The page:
Require More Robust Enforcement of Existing Laws. The more robust enforcement of existing laws will necessarily require more police officers who are better trained to engage in active policing and investigative work. This, of course, is not a “solution” that can implemented overnight, even in a nation that requires far fewer hours of training to become a police officer than do most of its peers in the developed world. In the meantime, this also means prioritizing resources. For example, instead of increasing the ATF’s budget for compliance with recent unnecessary and comparatively low-value policy changes the agency made under political pressure, it should be prioritizing the most helpful aspects of its role—crime-gun tracing and assisting state and local entities with tackling black-market firearm sales.
Obviously, enforcement efforts are seriously undermined by bail reforms and prosecutorial strategies that all but ensure many violent offenders escape meaningful containment or punishment, even when they are promptly identified by law enforcement. To the extent that local authorities steadfastly decline to prosecute violent offenses under state law, federal officials should consider whether those cases also involve prosecutable offenses under federal law.
Remove Unnecessary and Burdensome Barriers to the Exercise of Second Amendment Rights by Peaceable Citizens. As evidence above, lawful gun owners both deter a substantial number of crimes every year and successfully intervene to thwart ongoing crimes on a routine basis. They are rarely responsible for criminal gun violence. Policymakers should remove unnecessary burdens on the ability of peaceable citizens to exercise their Second Amendment rights. This includes reconsidering not only laws that make acquiring firearms a more expensive and time-consuming process, but also those which seriously inhibit gun owners’ ability to protect themselves with firearms in common public places.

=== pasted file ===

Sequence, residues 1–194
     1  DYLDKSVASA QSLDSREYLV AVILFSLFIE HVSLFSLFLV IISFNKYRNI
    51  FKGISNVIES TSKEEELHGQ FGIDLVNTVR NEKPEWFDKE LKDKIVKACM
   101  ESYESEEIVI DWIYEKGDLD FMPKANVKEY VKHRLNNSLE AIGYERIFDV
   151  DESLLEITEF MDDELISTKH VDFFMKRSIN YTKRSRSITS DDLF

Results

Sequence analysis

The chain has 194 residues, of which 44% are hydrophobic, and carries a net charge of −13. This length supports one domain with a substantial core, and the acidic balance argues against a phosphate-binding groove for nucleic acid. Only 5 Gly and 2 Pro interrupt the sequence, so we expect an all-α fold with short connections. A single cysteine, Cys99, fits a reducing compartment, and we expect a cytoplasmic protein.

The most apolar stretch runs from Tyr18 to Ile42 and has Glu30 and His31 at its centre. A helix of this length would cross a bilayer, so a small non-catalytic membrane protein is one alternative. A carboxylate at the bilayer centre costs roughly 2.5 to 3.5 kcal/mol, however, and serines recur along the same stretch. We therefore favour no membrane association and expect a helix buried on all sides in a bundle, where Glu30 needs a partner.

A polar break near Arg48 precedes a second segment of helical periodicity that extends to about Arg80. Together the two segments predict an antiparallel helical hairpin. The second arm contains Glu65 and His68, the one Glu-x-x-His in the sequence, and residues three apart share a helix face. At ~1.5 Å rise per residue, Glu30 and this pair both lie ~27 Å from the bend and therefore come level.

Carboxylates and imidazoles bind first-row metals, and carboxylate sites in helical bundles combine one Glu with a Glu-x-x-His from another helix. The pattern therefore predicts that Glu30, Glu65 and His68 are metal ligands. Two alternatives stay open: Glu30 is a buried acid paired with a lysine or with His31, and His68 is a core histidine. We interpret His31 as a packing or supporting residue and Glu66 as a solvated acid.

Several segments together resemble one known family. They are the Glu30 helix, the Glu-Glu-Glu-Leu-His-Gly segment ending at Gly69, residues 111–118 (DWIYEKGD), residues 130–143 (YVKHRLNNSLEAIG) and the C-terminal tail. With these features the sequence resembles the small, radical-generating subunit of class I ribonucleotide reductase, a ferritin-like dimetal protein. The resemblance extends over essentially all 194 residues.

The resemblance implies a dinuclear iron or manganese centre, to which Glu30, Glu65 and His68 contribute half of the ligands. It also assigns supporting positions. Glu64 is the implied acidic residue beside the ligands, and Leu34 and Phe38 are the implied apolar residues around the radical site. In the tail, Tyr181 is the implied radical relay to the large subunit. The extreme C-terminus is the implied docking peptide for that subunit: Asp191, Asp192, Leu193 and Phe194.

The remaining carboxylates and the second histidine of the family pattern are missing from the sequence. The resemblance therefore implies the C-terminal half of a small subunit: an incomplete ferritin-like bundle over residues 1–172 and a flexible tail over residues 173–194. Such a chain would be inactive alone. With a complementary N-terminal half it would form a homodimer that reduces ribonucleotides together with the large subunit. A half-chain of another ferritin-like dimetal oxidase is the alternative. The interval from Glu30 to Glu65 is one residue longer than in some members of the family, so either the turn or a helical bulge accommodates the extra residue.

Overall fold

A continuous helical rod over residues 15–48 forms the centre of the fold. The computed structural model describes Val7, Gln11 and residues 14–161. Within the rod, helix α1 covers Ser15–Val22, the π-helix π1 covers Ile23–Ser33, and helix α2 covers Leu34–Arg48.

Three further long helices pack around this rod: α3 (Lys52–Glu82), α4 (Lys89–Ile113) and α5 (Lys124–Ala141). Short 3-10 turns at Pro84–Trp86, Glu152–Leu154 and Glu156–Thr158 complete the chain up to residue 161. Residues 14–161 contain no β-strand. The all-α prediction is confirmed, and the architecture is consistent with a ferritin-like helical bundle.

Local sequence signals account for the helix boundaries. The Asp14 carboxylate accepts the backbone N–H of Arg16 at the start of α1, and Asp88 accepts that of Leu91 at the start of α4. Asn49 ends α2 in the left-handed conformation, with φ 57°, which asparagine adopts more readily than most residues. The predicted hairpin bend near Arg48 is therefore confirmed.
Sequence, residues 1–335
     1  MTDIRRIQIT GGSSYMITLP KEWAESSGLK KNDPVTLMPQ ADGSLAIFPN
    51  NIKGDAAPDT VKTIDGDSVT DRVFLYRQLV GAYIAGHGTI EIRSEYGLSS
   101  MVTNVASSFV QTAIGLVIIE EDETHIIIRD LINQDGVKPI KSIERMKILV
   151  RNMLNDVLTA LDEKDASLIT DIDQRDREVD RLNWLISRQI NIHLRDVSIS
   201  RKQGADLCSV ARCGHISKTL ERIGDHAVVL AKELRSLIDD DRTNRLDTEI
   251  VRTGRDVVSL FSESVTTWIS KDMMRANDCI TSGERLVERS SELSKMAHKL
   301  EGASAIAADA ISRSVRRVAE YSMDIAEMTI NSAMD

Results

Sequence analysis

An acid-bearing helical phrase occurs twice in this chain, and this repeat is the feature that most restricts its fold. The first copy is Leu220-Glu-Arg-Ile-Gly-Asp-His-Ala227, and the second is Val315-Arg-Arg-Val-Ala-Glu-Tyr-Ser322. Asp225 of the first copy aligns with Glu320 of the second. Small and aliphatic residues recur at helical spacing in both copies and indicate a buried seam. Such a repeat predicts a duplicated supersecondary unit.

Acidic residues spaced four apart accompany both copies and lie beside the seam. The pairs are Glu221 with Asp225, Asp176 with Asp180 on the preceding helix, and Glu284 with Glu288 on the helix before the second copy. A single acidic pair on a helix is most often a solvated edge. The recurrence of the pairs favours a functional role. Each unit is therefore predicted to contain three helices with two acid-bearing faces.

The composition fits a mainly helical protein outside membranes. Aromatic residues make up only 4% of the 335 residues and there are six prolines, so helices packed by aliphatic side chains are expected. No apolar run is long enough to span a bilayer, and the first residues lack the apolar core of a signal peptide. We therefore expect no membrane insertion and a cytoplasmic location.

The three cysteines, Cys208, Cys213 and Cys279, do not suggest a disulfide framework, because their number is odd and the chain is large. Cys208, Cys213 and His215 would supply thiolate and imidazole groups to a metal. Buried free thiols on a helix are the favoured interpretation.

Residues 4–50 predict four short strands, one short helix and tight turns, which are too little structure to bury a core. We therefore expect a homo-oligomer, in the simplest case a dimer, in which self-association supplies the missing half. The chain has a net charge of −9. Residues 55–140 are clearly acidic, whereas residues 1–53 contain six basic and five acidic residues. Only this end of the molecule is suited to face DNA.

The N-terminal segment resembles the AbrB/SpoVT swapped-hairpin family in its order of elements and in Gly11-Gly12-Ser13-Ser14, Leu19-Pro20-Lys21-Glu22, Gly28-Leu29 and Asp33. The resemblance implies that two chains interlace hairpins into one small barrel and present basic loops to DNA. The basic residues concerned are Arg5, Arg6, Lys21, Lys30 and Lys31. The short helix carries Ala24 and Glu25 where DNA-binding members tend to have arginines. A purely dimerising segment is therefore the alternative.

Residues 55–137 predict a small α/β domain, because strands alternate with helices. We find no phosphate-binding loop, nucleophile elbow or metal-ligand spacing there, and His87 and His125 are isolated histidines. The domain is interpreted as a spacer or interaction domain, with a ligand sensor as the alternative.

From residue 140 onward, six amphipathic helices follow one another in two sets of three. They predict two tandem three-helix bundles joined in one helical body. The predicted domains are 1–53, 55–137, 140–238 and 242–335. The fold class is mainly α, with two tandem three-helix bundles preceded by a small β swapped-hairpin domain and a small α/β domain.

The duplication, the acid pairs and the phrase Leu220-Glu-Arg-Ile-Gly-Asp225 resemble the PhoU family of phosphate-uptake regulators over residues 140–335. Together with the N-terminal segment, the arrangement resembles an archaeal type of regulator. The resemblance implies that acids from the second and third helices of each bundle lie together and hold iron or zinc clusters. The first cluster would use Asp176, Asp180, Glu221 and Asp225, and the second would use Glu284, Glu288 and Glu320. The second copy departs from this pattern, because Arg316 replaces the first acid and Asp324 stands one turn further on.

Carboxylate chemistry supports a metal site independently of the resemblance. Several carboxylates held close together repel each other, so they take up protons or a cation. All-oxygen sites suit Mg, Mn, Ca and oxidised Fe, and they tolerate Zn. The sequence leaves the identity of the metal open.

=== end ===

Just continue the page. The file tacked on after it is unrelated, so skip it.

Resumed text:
Invest in the Nation’s Mental Health Infrastructure. To be clear, most individuals with mental illness are not dangerous and are far more likely to be victims of violence than to commit acts of violence against others. However, certain types of untreated serious mental illness are associated with increased risks of violence. Moreover, 60 percent of gun deaths are suicides, which are inherently a mental health problem. Policymakers should work to increase access to—and lower costs associated with—mental health treatment. They should remove administrative burdens that exacerbate the national shortage of mental health practitioners and make it more difficult for practitioners to provide tele-health services across state lines.
Additionally, states and relevant federal agencies should increase numbers of public psychiatric beds of last resort. Finally, states in particular should create and actively support constitutional frameworks for targeted, time-limited interventions for those who are a danger to themselves or others, ensuring that they actually receive the help they clearly need.